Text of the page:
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  • Irina

Tips for glue basting and sewing curves in epp

You are ready to explore curved shapes (clamshells, apple cores etc.) in English paper piecing but not sure how to tackle them? Then this post is for you! Curved hand piecing might be tricky as it is not easy to match the points but I hope these tips will help you to concur the curves.

1. Use pre-cut templates

I cannot stress enough using pre-cut templates for curves. First, they are cut precisely. Second, they are thicker than regular paper and help you achieve smooth curves. Third, they can be used several times. Fourth, trust me you don´t want to cut curved shapes with scissors. When I was working on my clamshall pillow I cut first 100 templates with scissors. I would never do that again.

2. Glue basting

It is a quick method that allows you achieve great results and accuracy. I am sure once you try, you will never go back to thread basting (at least with the curves).

When I started epp I didn´t know what type of glue to use. So I bought regular fabric glue stick. Lessons learnt, never again. It was difficult to apply small amount of glue, I had sticky hands and it was very hard to remove the papers at the end.

I highly recommend using Sewline glue pen. It is designed for epp, so you will never have the problems I mentioned above.

Before cutting the fabric apply a dab of glue to the middle of your paper piece and stick the shape to the wrong side of the fabric. Cut the shape with seam allowance (either 1/4 or 3/8 inch, depending on the size of your papers) using your preferred method. I like cutting with scissors while others prefer rotary cutters. Then apply SMALL amount of glue along the paper shape but not too close to the edge and fold the seam allowance. Start with the shortest side or straight edges if you shape has a curve.

Convex curves

Upper curve of a clamshell is convex.

In Brimfield Star block the curved shape has both straight edges and convex curve, so you glue baste first the straight sides and then the curve.

Apply small amount of glue not too close to the curved edge and starting from one side baste the shape, slightly turning the piece as you go. If you feel that the curve is not smooth, simply pull the fabric from the paper piece, add some glue and baste again.

Here is a short video how to glue baste a convex curve on clamshell.

Concave curves

Examples of a concave curve - bottom curves of a clamshell or the Brimfield star block.

Once you glued the shape to the fabric and cut the piece with seam allowance, make small cuts in the seam allowance along the curve (for example if your seam allowance is 1/4 inch then these cuts should be 1/8 inch). These cuts allow you to baste the shape neatly. First baste straight edges by applying the glue along the edge and folding seam allowances. Now do the same along the curve.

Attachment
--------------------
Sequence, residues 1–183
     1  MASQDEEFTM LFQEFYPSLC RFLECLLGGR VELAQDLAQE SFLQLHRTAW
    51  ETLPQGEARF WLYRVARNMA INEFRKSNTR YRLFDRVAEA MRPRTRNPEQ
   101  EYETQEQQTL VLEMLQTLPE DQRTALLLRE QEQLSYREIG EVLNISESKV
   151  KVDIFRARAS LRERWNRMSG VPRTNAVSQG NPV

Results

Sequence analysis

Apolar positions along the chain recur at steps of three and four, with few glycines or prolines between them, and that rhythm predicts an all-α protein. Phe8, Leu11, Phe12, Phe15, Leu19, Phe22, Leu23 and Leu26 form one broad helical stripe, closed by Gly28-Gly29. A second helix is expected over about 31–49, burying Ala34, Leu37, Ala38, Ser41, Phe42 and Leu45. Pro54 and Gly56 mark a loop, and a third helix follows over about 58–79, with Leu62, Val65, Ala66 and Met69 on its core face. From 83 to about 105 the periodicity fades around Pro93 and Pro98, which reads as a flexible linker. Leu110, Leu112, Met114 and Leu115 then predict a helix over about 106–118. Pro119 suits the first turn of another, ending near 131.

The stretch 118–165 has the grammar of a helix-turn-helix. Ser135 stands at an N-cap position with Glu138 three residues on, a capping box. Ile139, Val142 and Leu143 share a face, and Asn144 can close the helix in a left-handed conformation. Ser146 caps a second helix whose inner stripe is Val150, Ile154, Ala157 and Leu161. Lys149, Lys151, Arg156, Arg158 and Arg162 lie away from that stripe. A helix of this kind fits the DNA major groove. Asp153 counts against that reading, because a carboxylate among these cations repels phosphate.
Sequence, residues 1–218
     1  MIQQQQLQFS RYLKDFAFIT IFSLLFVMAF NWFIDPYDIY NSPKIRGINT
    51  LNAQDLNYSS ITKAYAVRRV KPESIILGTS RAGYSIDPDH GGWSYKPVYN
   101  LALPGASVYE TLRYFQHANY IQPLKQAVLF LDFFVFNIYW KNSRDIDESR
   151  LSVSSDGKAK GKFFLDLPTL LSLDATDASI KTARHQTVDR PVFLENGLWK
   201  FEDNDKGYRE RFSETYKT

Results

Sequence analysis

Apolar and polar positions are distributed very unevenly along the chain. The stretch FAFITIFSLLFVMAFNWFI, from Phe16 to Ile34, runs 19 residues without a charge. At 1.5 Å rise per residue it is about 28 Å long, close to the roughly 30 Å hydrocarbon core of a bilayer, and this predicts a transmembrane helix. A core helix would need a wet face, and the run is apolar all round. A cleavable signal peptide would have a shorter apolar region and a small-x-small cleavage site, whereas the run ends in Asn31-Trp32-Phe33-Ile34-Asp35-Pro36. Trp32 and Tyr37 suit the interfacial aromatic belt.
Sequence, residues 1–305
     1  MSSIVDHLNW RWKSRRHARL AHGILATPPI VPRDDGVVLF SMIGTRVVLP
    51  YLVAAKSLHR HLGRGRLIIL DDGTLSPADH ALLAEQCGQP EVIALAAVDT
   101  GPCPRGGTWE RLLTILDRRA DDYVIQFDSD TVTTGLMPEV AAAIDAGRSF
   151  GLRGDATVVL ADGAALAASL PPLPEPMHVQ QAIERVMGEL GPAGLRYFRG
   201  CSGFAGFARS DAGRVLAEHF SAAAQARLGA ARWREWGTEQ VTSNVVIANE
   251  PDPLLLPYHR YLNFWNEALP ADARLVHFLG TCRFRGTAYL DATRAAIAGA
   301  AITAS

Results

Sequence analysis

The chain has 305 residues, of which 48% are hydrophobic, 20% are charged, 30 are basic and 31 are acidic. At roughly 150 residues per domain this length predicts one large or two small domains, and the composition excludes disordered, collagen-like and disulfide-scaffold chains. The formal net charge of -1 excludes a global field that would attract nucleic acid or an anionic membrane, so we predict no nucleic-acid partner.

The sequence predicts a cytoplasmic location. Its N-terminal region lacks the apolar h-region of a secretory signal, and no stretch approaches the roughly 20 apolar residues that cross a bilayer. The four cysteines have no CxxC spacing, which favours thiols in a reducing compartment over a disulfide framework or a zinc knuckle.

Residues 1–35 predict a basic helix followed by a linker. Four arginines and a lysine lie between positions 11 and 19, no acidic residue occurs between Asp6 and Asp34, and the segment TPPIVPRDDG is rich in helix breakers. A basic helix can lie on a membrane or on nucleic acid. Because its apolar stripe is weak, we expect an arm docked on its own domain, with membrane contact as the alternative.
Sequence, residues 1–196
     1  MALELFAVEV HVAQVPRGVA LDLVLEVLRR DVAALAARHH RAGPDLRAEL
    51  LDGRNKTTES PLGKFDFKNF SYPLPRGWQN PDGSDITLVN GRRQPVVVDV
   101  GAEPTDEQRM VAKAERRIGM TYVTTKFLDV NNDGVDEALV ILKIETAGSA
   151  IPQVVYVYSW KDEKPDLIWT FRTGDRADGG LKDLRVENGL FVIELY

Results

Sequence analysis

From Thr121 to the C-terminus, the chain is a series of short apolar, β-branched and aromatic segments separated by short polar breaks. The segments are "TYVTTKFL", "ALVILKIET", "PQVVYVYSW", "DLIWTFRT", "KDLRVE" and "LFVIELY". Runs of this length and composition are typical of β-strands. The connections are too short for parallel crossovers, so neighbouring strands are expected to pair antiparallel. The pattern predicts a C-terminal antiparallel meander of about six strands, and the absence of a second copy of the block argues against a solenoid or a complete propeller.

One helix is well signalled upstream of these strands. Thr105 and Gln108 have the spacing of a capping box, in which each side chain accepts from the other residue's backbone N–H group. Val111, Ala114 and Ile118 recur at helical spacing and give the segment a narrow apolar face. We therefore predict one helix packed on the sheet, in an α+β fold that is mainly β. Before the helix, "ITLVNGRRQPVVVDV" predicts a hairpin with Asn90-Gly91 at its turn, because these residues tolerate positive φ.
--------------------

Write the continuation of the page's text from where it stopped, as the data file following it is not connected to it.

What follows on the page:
Here is a video how to glue baste concave curves.

3. Sewing the curves

I think it is a matter of personal preference. You can use either a flat back stitch or whip stitch.

Here is a video how to do flat back stitch by @karenthediyaddict.

I usually whip stitch my curves. First, I fold basted shapes in half to determine the centers and match the centers on both pieces. Then I stitch one side from the center towards the edge. It feels easier to hold the shapes in a way that I stitch away from me but not towards myself. It is easy to whip stitch in the center, once you move towards the edge it is gets more difficult. My trick is to hold both shapes that they form 90 degrees angle.

4. Removing the paper pieces

It is not difficult to remove the paper pieces if you glue basted them with Sewline glue. Simply lift the fabric from the paper. You can either lift the fabric all the way around the paper piece and take the paper out, Or you can lift the fabric just on couple of sides, take the paper shape by the corner, wiggle it a little and gently remove paper piece.

Here is a video how to remove paper from the Brimfiled star block.

If you applied too much glue, the papers might be stuck to the fabric. In this case, simply spray some water at the back side of your work, wait for a minute or two and then you can easily remove the papers.

Happy Stitching!

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